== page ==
This was going to be our year. The year Quentin and I were going to retire and travel the world. In fact, today was the very day we were scheduled to board our boat in the medieval city of Dubrovnik. So many nights we pictured ourselves sailing the sun-drenched Adriatic, island hopping, swimming, sipping local wines.
Instead here I am.
I glance through the small rectangular pane of glass. Inside the dimly lit hospital room lay a man, his face ashen grey, his body connected to numerous tubes, the chest moving rhythmically up and down. Surely that’s not him, not my Quentin. What parallel world was I living in?
A fully helmeted nurse in a hazmat suit pulls at my elbow. Was it a male or female? I couldn’t tell under all that gear. Even visiting for a short time had its risks I was told. Any sort of contact was completely out of the question. A few brief seconds of viewing through the window was all that was allowed followed by removal of gloves, masks and outer protective suit and then of course the laborious handwashing and fever check.
The drive home feels like an eternity. In real time it’s half an hour. Few vehicles are on the road except for the occasional supply truck or ambulance. It is eerie in its quietness. The empty roads, the closed shops, the few people who dared to go out, all decked out in gloves and masks. I veer into my driveway and walk into the house in a daze, automatically switching on the television as I sink into the couch. Red alerts across the country, the tv blares. The entire nation is now in quarantine. I am so tired. As my eyes close we are there, in a tiny cove, swimming in the crystal clear waters of the Adriatic. I lay on my back laughing, floating easily and staring at a vivid blue sky.
Knocking. Who is it? I drag myself off the couch and carefully open the door.
Two small children plead, “We’re hungry. Got anything?”
I glance from them to the waiting parent in the car.
“Wait here,” I say as I walk into the kitchen and grab two oranges.
“Here.” They snatch and run. “Hey, what about a thank-you?”
A ding. The phone. The hospital clinic. Visitors no longer allowed – concerns of virus contamination. We will let you know if his condition changes. Current condition – critical.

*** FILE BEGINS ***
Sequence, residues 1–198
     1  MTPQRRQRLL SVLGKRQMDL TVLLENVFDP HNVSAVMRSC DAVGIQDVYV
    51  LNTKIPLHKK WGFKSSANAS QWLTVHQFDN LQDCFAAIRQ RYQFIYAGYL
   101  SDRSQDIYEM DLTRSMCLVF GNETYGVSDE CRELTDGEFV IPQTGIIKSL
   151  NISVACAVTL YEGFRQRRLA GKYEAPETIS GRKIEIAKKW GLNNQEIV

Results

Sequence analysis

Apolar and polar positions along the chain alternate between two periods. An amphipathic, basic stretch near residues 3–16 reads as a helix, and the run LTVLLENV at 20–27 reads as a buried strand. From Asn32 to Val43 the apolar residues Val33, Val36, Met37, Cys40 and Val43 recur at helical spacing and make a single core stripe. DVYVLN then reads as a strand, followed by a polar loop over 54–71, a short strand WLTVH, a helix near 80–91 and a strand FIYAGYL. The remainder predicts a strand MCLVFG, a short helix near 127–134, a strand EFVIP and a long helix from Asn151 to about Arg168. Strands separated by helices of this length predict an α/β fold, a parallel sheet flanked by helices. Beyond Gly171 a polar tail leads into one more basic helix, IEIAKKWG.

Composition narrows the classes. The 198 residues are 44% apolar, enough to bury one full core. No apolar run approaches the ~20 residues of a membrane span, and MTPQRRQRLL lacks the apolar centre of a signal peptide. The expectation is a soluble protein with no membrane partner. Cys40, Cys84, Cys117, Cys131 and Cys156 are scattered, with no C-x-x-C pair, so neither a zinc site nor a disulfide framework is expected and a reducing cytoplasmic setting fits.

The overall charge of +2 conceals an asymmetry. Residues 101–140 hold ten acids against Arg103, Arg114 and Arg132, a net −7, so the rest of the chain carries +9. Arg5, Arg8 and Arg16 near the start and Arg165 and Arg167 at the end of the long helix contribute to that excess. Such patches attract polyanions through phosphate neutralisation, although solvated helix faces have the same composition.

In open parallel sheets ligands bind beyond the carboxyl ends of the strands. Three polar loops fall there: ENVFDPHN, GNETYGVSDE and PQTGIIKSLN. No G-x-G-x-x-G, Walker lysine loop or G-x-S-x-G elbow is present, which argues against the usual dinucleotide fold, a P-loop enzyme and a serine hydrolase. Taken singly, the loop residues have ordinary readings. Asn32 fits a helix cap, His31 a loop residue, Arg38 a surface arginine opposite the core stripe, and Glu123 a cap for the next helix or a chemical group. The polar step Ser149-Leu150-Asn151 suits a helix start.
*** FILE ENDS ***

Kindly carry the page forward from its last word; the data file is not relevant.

I run to the toilet and throw up.
My phone beeps. Current condition- critical but stable. Do not reply to this text. We will notify you of any changes.
I drop the phone and sink back on the bed. Why even get up? Why even shower or eat? What was the point? A new wave of tiredness sweeps over me. I fall into an Adriatic bliss. I hear waves lapping the shore. Somewhere in the distance, I hear music. I’m dancing on a terrace in the moonlight. I glide in Quentin’s arms across the smooth marble tiles, the scent of geraniums in the breeze. The beauty of the night is intoxicating.
What’s that ringing? Make it stop. I walk the few steps to the bathroom. I grip the tap and gulp water, then collapse on the floor. I stretch my body out on the cool tiles. Somewhere I hear voices. I’m barefoot, climbing the ancient smooth stone steps of a fortress city. I skip across them with joy, Quentin by my side. “We made it,” I say.
Throbbing pain. Where am I? I struggle to open my eyes. It’s too hard. I sink back into oblivion. I taste cherry strudel in flaky pastry. I eat it with such relish and wash it down with thick black coffee. Right now I have everything I want. Is this bliss?
The world is trying to break in. No, I’m happy here. I feel so light I could fly like an angel. My lips are dry, stuck fast. Someone places an ice cube to my lips. I try to say thanks but it comes out like a cough. A huge intake of breath and then a coughing fit. My lungs feel like they are about to burst. Let me die. A sting in my arm. Oblivion. I breathe in lavender scented fields.
My eyes open. I see the treetops waving at me through a window. An alarm sounds. Someone brings me a drink- a straw to sip.
“You’ve been very sick, in quarantine, the virus.”
“No! That’s not how its supposed to be. No!” A sting. Back to paradise. The blue green of the Adriatic calls me home. My new reality.
© Tropical Writers Inc 2024